Hringsbjarg cliff is 60 metre's tall towering cliff on the east side of the Tjörnes peninsula in North-East Iceland. From the cliff, you will find a spectacular view of Fjallahöfn and the vast plains of the Kelduhverfi county, which divide the Tjörnes peninsula and Öxarfjörður fjord.
During the puffin season in Iceland, this is an excellent location to watch this delightful bird with the colourful beak and orange feet.
An observation platform has been put up on Hringsbjarg cliff and some railings, but I remember standing on this cliff before the railings were put up, thinking about how courageous people were standing on the edge of the cliff.
Now it is much safer for people to stop here. You will find parking spots and information signs just above the observation platform.
I love how varied this area is, the very rugged Jökulsárgljúfur with my favourite spot in Iceland, Ásbyrgi canyon, and a bit further east the raging glacial river Jökulsá á Fjöllum - the second longest river in Iceland, which creates the most powerful waterfall in Europe, Dettifoss.
This massive glacial river has its source in Vatnajökull glacier, the biggest glacier in Europe, and its delta can be seen by Kelduhverfi county and Öxarfjörður. One cannot see this far on top of Hringsbjarg cliff, but make sure to check it out when visiting the Jökulsárgljúfur glacial canyon.
Dettifoss as seen from the east bank
When you find yourself standing on top of Hringsbjarg cliff you will either have just visited Jökulsárgljúfur and Ásbyrgi and if you are anything like me, then you will still be in awe over the rugged beauty of this area.
Or you will be coming from Húsavík and have yet to visit Jökulsárgljúfur and Ásbyrgi - prepare to be amazed, there is a reason why I visit this area every year and it still manages to blow my mind every year :)
Botnstjörn pond in Ásbyrgi - the capital city of the Icelandic elves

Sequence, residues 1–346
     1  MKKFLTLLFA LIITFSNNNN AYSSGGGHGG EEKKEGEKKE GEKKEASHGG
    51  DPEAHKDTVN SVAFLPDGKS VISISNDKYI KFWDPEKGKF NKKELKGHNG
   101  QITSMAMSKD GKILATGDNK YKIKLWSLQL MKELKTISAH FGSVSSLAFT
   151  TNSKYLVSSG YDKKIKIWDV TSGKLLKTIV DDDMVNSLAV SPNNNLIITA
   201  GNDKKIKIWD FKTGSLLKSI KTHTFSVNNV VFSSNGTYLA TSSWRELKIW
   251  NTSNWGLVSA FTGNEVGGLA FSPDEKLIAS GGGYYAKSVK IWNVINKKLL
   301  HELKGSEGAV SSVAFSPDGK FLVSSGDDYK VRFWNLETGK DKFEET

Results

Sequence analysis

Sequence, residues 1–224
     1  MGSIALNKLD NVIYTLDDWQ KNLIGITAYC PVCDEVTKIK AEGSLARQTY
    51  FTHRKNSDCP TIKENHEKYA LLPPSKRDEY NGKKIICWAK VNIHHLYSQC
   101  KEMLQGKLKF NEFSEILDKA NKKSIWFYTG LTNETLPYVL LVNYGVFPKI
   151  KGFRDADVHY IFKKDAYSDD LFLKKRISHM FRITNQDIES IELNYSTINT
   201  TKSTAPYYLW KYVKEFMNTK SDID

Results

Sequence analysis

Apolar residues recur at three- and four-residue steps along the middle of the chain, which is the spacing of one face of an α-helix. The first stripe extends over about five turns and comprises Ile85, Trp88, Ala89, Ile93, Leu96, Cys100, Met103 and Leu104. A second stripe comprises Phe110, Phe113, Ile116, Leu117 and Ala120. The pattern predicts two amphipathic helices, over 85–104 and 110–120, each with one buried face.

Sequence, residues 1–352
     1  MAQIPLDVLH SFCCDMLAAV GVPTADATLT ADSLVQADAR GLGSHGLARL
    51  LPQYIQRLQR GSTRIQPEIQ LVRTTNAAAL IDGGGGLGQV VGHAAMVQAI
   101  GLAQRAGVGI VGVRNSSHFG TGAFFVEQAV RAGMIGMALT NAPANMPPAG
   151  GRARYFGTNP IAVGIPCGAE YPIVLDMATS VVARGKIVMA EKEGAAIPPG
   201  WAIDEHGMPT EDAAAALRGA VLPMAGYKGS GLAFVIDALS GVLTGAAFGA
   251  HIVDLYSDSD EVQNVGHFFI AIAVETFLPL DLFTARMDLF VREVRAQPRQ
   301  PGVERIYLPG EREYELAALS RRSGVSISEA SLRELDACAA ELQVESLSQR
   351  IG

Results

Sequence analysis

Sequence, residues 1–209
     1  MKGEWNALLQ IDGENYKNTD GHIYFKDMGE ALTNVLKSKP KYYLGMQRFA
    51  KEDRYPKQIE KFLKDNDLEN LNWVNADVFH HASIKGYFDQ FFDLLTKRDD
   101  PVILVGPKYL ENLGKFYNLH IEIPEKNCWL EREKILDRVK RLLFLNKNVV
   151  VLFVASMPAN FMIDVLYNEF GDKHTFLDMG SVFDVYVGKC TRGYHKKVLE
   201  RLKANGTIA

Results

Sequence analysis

It is better to reach the view platform when driving from Húsavík, as it is located almost immediately as you drive up on Hringsbjarg cliff, so I am sure that a lot of people coming from Àsbyrgi, and being in Iceland for the first time, miss this view platform.
The view from here is just amazing, especially on sunny days, so don't miss it. Do bring binoculars as this is an excellent location for bird watchers.
The swampy plains are rich in birdlife and from Hringsbjarg you will see lakes and lagoons and rivers. One of the lakes in Kelduhverfi is called Skjálftavatn or Lake Earthquake.
It was named appropriately as this 9 km² lake got created in a big earthquake on the 13th of January 1976. This earthquake is called the Kópasker Earthquake and measured a whopping 6.3 on the Richter Scale.
From the cliff you will have a view of Melrakkaslétta plain - the Arctic fox plain, a less visited area of Iceland, but so worth the detour. The main attraction on Melrakkaslétta is the Arctic Henge, but there is so much more to see.
The Arctic Henge on Melrakkaslétta
I love the peace and quiet of Melrakkaslétta and once spent 3 days there exploring this beautiful area of Northeast-Iceland
On Melrakkaslétta plain you will find one of the northernmost spots on the mainland of Iceland, Hraunhafnartangi, but I have added a special travel-blog on that beautiful spot, where I created my own Arctic Circle and stepped over it :)
Hraunhafnartangi - one of the northernmost spots of Iceland
On the very popular Diamond Circle tour, a stop is made at Hringsbjarg, where there are colonies of puffins during their nesting season in Iceland from April until mid-August. I joined this tour beginning of August so we managed to see a lot of puffins.
I adore this beautiful bird with the colourful beak. One of the best locations for meeting the puffin is at Látrabjarg in the Westfjords, where it is so tame that you can get very close to it.
The cute puffin is so popular both amongst Icelanders and our foreign visitors that we sometimes refer to it as the symbol of Iceland.